WALTHAM — Avery Bradley’s defensive reputation casts a mighty shadow over every other aspect of his game. It’s unlikely that will change, which is really a nod to just how effective he is as one of the NBA’s most elite perimeter defenders.
As such, Bradley is often tasked with guarding an opposing team’s top perimeter scorer, which means the Celtics guard has the unenviable chore of trying to shut down one of the league’s most dynamic players Saturday at TD Garden: Cleveland’s all-everything guard Kyrie Irving.
“I’m going to try to take everything away from him . . . try to make everything hard on him,” Bradley said after practice Friday. “And I know my teammates will be there to have my back.”
For the Celtics (12-17) to snap a three-game losing streak, Bradley will probably need some help defending Irving, who is averaging 22.1 points and 6.1 assists and is coming off a 40-point performance in the Cavaliers’ double-overtime loss to Atlanta on Thursday.
Typically, defense would be Bradley’s sole focus, but this season, he has emerged as one of the Celtics’ top scorers, which has raised eyebrows because offense hasn’t really been his bread and butter.
The fourth-year guard is averaging 13.9 points per game — the third-most on the Celtics — on 46 percent shooting from the floor.
Yet it’s his recent production that is grabbing headlines.
Through 10 games this month, he’s averaging a team-high 16.1 points while shooting a blistering 51 percent from the floor. That includes a 26-point game against Washington on Dec. 21.
Even more impressive, Bradley is shooting an absurd 57 percent from 3-point range this month, making 20 of 35 from beyond the arc, with 18 of those long-distance connections coming from the corners — his sweet spot.
“He’s always been a good shooter in my eyes,” said Celtics forward Jeff Green. “He’s just being more aggressive, but we need him to be.”
Bradley has also been aggressive early, averaging 7 points in the first quarter — or nearly half his output per game this month.
“We’re doing some stuff towards him,” coach Brad Stevens said of Bradley’s first-quarter performances. “But at the same time, we’re usually moving the ball and pushing it up the floor well and he starts off with a good amount of energy in most games.”
Bradley’s impact this month becomes more impressive when one takes a glance at the team’s advanced statistics.
When Bradley has been on the floor in December, the Celtics own an offensive rating (points per 100 possessions) of 109.2, the best mark on the team. When he is on the bench, that number nose-dives to 93.2, the worst mark.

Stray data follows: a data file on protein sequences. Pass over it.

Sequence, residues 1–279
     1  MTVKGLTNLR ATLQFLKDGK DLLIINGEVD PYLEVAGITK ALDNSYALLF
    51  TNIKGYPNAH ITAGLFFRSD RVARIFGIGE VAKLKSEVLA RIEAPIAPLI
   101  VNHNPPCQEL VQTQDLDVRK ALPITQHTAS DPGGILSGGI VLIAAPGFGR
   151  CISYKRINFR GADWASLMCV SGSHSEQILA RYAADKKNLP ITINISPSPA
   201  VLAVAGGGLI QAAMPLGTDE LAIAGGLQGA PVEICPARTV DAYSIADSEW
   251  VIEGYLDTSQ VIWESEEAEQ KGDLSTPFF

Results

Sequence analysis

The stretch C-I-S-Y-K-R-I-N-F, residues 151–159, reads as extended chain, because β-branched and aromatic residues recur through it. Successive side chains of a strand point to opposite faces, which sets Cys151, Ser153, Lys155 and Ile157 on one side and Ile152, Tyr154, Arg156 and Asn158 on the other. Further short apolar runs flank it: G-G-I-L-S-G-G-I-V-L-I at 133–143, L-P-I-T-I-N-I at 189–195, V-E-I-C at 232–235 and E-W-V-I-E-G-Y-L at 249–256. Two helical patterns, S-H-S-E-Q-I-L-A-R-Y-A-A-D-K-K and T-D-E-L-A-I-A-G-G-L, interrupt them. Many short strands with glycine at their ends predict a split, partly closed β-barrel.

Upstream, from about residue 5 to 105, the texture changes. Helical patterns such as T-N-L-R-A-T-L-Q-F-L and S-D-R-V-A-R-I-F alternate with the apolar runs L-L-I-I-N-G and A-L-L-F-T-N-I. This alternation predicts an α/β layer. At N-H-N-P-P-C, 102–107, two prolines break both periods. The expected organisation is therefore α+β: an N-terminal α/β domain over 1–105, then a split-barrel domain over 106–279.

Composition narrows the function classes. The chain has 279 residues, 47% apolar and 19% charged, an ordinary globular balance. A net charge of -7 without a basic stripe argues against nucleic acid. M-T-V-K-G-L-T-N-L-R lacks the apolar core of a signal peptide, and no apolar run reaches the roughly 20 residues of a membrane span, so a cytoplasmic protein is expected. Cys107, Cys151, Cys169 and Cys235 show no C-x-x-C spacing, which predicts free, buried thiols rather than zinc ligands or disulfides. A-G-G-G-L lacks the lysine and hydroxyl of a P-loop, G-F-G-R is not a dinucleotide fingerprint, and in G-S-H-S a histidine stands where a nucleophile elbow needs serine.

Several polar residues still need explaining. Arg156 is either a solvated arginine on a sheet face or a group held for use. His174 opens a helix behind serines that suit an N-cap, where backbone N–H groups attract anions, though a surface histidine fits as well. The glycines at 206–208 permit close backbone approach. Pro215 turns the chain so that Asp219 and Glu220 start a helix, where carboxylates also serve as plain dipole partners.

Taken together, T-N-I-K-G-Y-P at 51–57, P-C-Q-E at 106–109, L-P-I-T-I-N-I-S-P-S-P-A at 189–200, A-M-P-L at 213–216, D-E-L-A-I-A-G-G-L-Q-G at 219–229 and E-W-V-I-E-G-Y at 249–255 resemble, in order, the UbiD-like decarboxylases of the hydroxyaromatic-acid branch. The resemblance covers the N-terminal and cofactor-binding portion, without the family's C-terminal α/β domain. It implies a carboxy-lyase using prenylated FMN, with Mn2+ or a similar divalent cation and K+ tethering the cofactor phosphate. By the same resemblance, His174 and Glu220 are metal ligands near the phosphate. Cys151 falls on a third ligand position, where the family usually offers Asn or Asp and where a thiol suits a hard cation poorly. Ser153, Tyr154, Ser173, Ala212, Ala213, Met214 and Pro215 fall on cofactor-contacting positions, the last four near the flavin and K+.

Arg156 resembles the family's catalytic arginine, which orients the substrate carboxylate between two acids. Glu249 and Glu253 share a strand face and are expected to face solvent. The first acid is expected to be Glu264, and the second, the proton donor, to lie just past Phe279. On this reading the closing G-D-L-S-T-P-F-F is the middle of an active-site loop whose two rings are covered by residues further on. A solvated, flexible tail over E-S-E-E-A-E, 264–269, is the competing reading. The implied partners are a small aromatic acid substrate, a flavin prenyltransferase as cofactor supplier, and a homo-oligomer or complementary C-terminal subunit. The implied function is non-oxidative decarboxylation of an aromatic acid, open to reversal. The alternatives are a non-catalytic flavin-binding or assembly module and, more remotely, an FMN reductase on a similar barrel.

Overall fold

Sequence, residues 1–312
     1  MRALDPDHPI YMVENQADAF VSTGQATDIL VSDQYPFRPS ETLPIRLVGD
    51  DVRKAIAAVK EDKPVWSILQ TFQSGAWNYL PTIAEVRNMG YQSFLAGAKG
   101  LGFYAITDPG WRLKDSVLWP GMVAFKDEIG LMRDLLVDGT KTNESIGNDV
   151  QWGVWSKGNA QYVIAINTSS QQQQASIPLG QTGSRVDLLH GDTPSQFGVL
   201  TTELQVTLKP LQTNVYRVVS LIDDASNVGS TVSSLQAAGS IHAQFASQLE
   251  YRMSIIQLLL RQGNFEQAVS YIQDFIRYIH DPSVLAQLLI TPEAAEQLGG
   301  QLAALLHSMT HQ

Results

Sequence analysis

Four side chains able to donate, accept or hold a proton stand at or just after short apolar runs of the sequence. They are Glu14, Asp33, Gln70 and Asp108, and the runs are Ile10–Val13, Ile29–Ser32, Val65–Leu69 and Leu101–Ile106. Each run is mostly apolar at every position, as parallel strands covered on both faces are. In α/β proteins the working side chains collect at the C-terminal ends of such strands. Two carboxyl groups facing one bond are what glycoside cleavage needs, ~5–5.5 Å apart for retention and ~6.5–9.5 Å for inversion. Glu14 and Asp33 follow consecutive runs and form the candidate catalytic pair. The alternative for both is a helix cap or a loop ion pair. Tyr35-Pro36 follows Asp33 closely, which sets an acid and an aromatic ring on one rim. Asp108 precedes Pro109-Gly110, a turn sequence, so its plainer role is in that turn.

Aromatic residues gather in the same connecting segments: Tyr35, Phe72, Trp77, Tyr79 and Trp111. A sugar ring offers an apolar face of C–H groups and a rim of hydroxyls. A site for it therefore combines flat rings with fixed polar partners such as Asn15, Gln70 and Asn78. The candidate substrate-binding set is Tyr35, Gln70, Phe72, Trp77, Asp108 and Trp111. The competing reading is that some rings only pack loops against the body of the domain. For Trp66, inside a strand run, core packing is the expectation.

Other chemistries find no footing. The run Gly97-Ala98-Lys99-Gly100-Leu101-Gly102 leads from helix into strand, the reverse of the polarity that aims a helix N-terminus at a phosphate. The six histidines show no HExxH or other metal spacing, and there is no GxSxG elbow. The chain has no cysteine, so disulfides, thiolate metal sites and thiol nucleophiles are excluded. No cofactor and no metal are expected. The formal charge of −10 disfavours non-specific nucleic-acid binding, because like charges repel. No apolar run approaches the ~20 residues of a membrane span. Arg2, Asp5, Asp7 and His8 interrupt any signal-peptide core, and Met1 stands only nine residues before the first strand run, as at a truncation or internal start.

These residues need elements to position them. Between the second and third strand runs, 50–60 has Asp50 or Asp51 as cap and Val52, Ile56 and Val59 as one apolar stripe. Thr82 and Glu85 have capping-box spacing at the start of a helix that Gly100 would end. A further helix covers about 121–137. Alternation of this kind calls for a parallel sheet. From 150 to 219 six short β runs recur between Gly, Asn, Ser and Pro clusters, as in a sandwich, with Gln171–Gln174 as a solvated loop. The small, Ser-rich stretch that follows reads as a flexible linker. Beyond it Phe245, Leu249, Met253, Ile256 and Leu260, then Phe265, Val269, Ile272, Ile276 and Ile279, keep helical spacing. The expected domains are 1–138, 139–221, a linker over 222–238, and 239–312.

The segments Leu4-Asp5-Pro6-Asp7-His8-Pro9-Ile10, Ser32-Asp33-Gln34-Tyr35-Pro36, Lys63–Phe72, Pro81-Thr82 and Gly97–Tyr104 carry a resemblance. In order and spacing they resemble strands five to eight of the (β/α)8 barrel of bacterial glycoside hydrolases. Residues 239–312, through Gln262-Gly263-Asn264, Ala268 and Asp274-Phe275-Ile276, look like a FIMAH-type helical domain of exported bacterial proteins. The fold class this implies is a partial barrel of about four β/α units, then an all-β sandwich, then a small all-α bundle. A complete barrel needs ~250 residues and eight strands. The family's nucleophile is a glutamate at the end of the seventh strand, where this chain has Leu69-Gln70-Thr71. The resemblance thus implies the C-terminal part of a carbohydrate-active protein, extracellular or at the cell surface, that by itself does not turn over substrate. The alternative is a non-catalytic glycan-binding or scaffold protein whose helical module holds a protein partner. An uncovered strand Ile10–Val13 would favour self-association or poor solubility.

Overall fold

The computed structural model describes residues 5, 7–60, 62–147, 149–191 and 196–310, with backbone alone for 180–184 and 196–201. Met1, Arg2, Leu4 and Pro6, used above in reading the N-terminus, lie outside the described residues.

His offense has ramped up, but his defense hasn’t suffered. This month, the Celtics’ defensive rating is 103.4 with Bradley; that figure is about one point higher when he’s sidelined.
“He plays both ends, and that’s what sets him apart from a lot of people,” Green said.
No doubt, Bradley’s offensive game is blossoming, but it didn’t look that way when the season started. Then, he was playing point guard to fill in for Rajon Rondo, who is sidelined while recovering from knee surgery. The position overwhelmed Bradley, and he struggled, especially with turnovers.
But after four games, Stevens moved Jordan Crawford to the point and Bradley to shooting guard. The move was a stroke of genius, as Crawford has flourished in his new role and Bradley has in his, too.
“He’s comfortable in his role and clearly understands what he’s supposed to do, where he’s supposed to be, how he can best pick his spots,” Stevens said.
Crawford agreed that Bradley has become more comfortable, and Crawford noted how Bradley has become more adept at catching the ball on the wing, then taking one or two dribbles toward the basket before pulling up for a mid-range jump shot, usually from around the elbow — one of his sweet spots.
Bradley’s consistency at making those mid-range jumpers and corner 3-pointers has complemented his slash-to-the rim skills on offense, making him a more versatile threat. “He does those things exceptionally well where it’s hard to guard it . . . even if you see it on tape,” Crawford said.
On the subject of his improved offense, Bradley was modest, crediting his teammates and little else. As for his improved play this month, he said, “That comes from not only Jordan Crawford but from the rest of my teammates as well, having that confidence in me. That confidence that they give me, puts me in a rhythm.”
Stevens said that Bradley has become more of an offensive threat than at any point in his career, an undeniable truth even if Bradley is only in his fourth NBA season. What excites Stevens most is that there is still plenty of room for Bradley to improve on offense.
“I do think expanding and extending that range at the top of the key will be kind of the next step for him, to shoot those shots consistently, whether it’s off the bounce or off the pass,” Stevens said. “But he’s really picking his spots and shooting the ball exceptionally well.”
It has added another element to the Celtics’ offense, too.
“It just opens up the floor for everybody else,” Green said.
But for Bradley, it still starts with defense.
“My defense gets my offense going,” he said. “I’m a defensive player first, bring that energy. But at the same time, I have confidence that I can make open shots.”
Bradley’s offense may catch up to his defense at some point, but if this past month is any indication, he’s already on his way to becoming one of the most complete players in the NBA.